One of the biggest questions entrepreneurs have when considering a software development project is, how much will it cost? This post will help you assess the possible costs of your project.

First up: upfront costs

This is the most common consideration new entrepreneurs take into account when deciding who to work with on a project. There’s a good reason for that: the initial cost of a software project is the easiest thing to compare between developers.

But be warned, as those who use upfront costs as the only metric without considering the other factors learn a hard lesson. Upfront cost is a terrible way to judge how much value a developer will provide, because it’s just the down payment.

So what else should I consider?

Upfront cost + Maintenance Cost

Your software’s functionality and requirements will evolve. Very few software systems can run for years without any changes. Each line of code you add to your application is a line of code that must be maintained.

This maintenance has a cost. If the code was written cleanly, this cost can be low. If it was written poorly the cost will be high (sometimes extremely high). Maintaining the current code most often becomes an issue when adding new functionality. The developer has to add the new code while also keeping the old code working. If the code is in an unrelated system, the cost is usually marginal. But if the new functionality involves the same systems, this cost can be high. An experienced developer knows how to keep a software system in a condition that can be changed without massive maintenance costs. But no developer can turn an economy car into a school bus.

Even if you’re not adding features, the environment you’re running in will change. Security concerns will be discovered and have to be fixed. Some platforms evolve in a way that will break your apps. Mobile apps have had the worst track record for this, because new releases of mobile operating systems frequently require changes to keep the app running.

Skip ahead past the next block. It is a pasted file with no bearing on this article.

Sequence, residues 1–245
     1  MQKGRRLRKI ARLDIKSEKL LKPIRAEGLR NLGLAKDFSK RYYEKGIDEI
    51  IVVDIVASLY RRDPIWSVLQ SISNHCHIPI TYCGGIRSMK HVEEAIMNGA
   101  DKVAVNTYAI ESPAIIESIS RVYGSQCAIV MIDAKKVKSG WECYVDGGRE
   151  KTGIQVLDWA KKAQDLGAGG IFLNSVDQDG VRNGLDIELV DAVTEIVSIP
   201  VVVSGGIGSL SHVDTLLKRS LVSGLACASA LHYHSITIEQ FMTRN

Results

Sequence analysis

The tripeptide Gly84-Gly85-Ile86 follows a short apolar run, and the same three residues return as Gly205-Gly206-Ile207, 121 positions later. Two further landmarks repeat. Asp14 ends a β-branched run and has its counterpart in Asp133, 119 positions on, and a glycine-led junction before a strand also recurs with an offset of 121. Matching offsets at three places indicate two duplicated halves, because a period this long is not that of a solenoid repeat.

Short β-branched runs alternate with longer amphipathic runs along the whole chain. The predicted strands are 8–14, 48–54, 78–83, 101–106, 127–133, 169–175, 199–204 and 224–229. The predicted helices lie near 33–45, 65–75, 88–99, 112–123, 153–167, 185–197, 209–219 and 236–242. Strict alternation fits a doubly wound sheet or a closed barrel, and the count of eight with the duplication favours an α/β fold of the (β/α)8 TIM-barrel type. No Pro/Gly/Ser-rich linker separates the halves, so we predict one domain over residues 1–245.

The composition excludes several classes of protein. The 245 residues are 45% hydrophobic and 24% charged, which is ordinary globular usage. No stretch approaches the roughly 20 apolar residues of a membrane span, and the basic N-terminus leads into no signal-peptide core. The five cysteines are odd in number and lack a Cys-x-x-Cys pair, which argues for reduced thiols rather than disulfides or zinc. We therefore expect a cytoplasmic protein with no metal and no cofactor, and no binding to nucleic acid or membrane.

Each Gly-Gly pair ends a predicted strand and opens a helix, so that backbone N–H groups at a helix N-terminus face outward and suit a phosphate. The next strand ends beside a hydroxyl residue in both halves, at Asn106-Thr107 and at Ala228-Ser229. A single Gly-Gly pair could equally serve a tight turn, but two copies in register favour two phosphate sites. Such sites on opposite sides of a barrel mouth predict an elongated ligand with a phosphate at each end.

Upfront Cost + Maintenance Cost + Opportunity Cost

Another cost that isn’t considered by inexperienced entrepreneurs is the opportunity cost. Opportunity cost is the loss of potential gain from not having the right software solution.

Here are some of the sources of opportunity cost:

Buggy software

If your software doesn’t work as designed, or breaks down under pressure, this hurts your business. Your users lose trust in your solution. Your users may lose time or money because they’re counting on a feature working as expected. Trust is a difficult commodity to regain once it’s lost, and this may hurt the brand you’ve worked so hard to build.

Non-existent or late software

Every feature you build into your app should drive value. If a feature can generate revenue for your company, you are losing money for as long as it doesn’t exist. The same holds true for features that can save your organization or customers money.

Late delivery works in a similar way. If the feature isn’t ready when the customer is ready to buy, you may not get another chance. Late delivery also means giving your competition a chance to catch up.

Software that doesn’t solve the right problem

Even if designed well and built exactly to spec, most software doesn’t achieve what its creators intended. There are a number of reasons why this might happen: the interface may have confused users, or the experience wasn’t optimized for the behavior you’re trying to enable.

Or maybe your users want to do something different from what you designed. Or your solution may have been be spot on, but you delivered it to the wrong audience.

Or the platform itself may be a hindrance. Mobile web apps can perform most of the functionality of a native app, but don’t provide the same performance. The effect of this is actions like moving between screens become more costly for the user, resulting in them losing interest.

The possibilities for failure here are endless – but they are not inevitable.


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Opportunity cost is hard to measure because it’s difficult to put into a neat spreadsheet. It’s not something that comes directly out of your bank account, like upfront and maintenance costs.

Accurately assessing opportunity cost requires keen business and technological insight.

How do you measure the cost of a frustrated user leaving you a negative review? And many costs are even more subtle:  if 10% of your users can’t figure out how to perform an action, this can cost you money.

Measuring this might sound like voodoo, but the effects on user behavior and your potential profitability are real.

Developing a deep understanding of how your software affects your bottom line is the definitive task for a software startup.

Cheap developers may help you on the upfront costs, but will harm the maintenance. Good developers will cost more upfront, but will save money on maintenance.

The truly valuable developers will help get maximum value from your software by minimizing your opportunity costs as well.

Be sure to consider all of the costs associated with software development when choosing who to work with.

Opportunity Costs seem invisible but take value directly out of your company. Click here to work with developers who know how to create value.

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Also published on Medium.